As someone who has been heavily involved in facilitating strategic planning processes with organizations during the last 20 years, I often find humor in the way people answer the questions I pose.
For example, when I ask executives, “What is your unique differentiation in the marketplace?” or “What does your organization really excel at?” they often reply, “It has to be our customer service.”
Lake Wobegone syndrome
Almost no one will admit to being lousy in customer service, anymore than they will talk about living in an average town with average kids. It’s the Lake Wobegone syndrome. As fans of the radio show know, in Lake Wobegone, “All the women are strong, all the men are good-looking, and all the children are above average.”
As I get to know a company, I sometimes ask, “If I hauled you into a court of law and accused you of being a world-class customer service provider, would there be enough evidence to convict you?” Many times, unfortunately, their answer is, “Probably not.”
So here’s the question. If so many executives think customer service and improving customer loyalty numbers are critical to the execution of their organization’s strategic plan, why aren’t those indicators monitored with
the same intensity as the company’s financials? After all, financials are usually a lagging indicator while customer satisfaction and loyalty may be leading indicators of the future condition.
In 1960, Harvard B-School Professor Emeritus Theodore Levitt wrote a groundbreaking article called “Marketing Myopia.” To paraphrase, he concluded that the purpose of all business is to attract and maintain customers while generating adequate profitability today and improved profitability in the future. That balancing act still holds true.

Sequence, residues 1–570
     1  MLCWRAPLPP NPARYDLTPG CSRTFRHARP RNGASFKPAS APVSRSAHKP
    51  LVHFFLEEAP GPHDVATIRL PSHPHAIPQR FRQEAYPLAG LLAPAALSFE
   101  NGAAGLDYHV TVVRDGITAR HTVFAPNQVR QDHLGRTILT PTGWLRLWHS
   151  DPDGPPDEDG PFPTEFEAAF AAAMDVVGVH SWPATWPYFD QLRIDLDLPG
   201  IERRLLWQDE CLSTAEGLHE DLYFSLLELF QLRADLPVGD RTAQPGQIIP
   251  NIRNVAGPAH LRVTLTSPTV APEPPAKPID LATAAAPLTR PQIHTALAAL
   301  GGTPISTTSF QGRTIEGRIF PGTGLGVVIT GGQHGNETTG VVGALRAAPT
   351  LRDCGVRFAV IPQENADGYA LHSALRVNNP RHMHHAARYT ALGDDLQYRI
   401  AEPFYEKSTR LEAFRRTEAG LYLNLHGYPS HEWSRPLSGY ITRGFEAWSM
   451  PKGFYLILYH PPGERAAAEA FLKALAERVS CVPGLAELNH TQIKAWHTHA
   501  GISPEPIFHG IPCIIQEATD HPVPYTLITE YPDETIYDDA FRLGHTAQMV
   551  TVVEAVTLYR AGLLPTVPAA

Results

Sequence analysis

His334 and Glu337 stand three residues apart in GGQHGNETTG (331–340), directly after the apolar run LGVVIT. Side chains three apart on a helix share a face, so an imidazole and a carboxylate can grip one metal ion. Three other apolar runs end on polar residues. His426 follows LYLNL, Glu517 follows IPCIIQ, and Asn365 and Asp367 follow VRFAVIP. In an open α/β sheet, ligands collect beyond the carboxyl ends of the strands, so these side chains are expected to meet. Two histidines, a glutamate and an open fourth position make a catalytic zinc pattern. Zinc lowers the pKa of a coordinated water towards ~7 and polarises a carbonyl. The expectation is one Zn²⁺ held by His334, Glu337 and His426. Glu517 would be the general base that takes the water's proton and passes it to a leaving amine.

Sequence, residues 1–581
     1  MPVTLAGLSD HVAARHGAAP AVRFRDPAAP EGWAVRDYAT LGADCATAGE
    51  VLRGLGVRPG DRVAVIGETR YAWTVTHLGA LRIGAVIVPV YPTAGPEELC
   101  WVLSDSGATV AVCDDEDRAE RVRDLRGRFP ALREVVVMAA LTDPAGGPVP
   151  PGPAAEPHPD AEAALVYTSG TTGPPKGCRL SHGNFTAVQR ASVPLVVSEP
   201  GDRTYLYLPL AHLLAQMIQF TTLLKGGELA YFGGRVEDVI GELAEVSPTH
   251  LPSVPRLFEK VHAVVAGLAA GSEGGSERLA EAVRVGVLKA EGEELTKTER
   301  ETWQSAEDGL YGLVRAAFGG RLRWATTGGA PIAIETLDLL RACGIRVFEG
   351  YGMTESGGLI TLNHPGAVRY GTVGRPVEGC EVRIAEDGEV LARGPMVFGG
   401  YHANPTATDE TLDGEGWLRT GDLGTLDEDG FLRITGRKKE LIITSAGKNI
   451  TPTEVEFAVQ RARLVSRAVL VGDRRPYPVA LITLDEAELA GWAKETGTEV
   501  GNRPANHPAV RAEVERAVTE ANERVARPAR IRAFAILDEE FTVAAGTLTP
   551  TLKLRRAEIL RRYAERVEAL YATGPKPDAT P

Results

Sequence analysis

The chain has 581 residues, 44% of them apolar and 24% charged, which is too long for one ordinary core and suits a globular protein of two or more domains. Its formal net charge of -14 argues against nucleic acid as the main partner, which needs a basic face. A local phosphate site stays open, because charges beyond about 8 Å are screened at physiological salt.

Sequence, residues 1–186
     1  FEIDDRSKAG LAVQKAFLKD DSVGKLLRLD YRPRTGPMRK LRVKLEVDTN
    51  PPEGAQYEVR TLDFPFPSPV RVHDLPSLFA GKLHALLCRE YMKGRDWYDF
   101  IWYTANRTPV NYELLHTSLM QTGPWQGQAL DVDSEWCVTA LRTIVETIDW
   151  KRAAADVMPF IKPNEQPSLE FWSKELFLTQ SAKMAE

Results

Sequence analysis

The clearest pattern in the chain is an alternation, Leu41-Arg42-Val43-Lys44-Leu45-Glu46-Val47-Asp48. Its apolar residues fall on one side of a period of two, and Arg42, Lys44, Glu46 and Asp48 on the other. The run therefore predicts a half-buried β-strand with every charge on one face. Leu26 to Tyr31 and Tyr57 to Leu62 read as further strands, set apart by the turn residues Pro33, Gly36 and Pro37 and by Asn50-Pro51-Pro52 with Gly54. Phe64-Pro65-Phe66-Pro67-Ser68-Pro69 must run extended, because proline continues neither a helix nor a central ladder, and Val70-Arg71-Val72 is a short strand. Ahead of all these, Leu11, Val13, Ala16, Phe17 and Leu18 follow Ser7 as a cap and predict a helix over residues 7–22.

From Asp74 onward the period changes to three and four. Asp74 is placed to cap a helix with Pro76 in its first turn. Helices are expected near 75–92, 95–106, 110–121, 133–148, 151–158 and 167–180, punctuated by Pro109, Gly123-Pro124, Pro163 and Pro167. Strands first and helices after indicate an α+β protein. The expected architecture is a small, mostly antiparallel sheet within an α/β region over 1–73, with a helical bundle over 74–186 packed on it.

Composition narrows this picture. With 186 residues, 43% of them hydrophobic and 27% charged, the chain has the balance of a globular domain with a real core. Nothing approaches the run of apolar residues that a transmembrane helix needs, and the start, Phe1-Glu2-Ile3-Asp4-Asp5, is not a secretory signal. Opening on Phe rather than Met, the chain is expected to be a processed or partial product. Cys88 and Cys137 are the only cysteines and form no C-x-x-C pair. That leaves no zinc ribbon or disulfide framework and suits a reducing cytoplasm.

Organizations that still don’t see customer loyalty as a point of strategic differentiation may be looking at their business through the lens of short-term focus. Knowing and communicating the lifetime value of a typical
customer to the staff can provide them a framework for maintaining customer relationships, rather than looking at them from a transactional basis.
Take the time to discover why customers buy from your company, determine expectations for their customer experience, and ensure you have processes and people in place to grow loyal customers.
We recommend that organizations take ownership of the entire customer experience and have a process in place for service recovery, if needed. Too many companies today are sliding toward the it’s-probably-good-enough operating model regarding their processes, technology, and staff.
Here’s an example. I had a car, still under factory warranty, that broke down about 25 miles from my home. While it was being loaded onto a flat-bed truck to go back to my dealer, the towing company damaged another part of the car.
The dealer was willing to go ahead and fix the damage, but the towing company wanted the damage they caused handled by their own insurance carrier. They had a local agent connected to an insurance company in Arizona. The problem was that the local agent did not have the necessary claim number or phone number for the insurance company agent handling the claim in Arizona.
Therefore, the dealer, who was willing and able to fix the car, didn’t have the information it needed to work with the towing company. As a result, repairs that could have been completed in 48 hours took almost six weeks.
The problem was that no one owned my entire customer experience—each company only owned a piece of it. Any time there was an opportunity for a hand-off where something could go wrong, the companies relied on me (with no technical knowledge of the situation) to handle the details.
This felt like lunacy to me. Where could that type of frustration be happening with your organization’s customers or in your supply chain?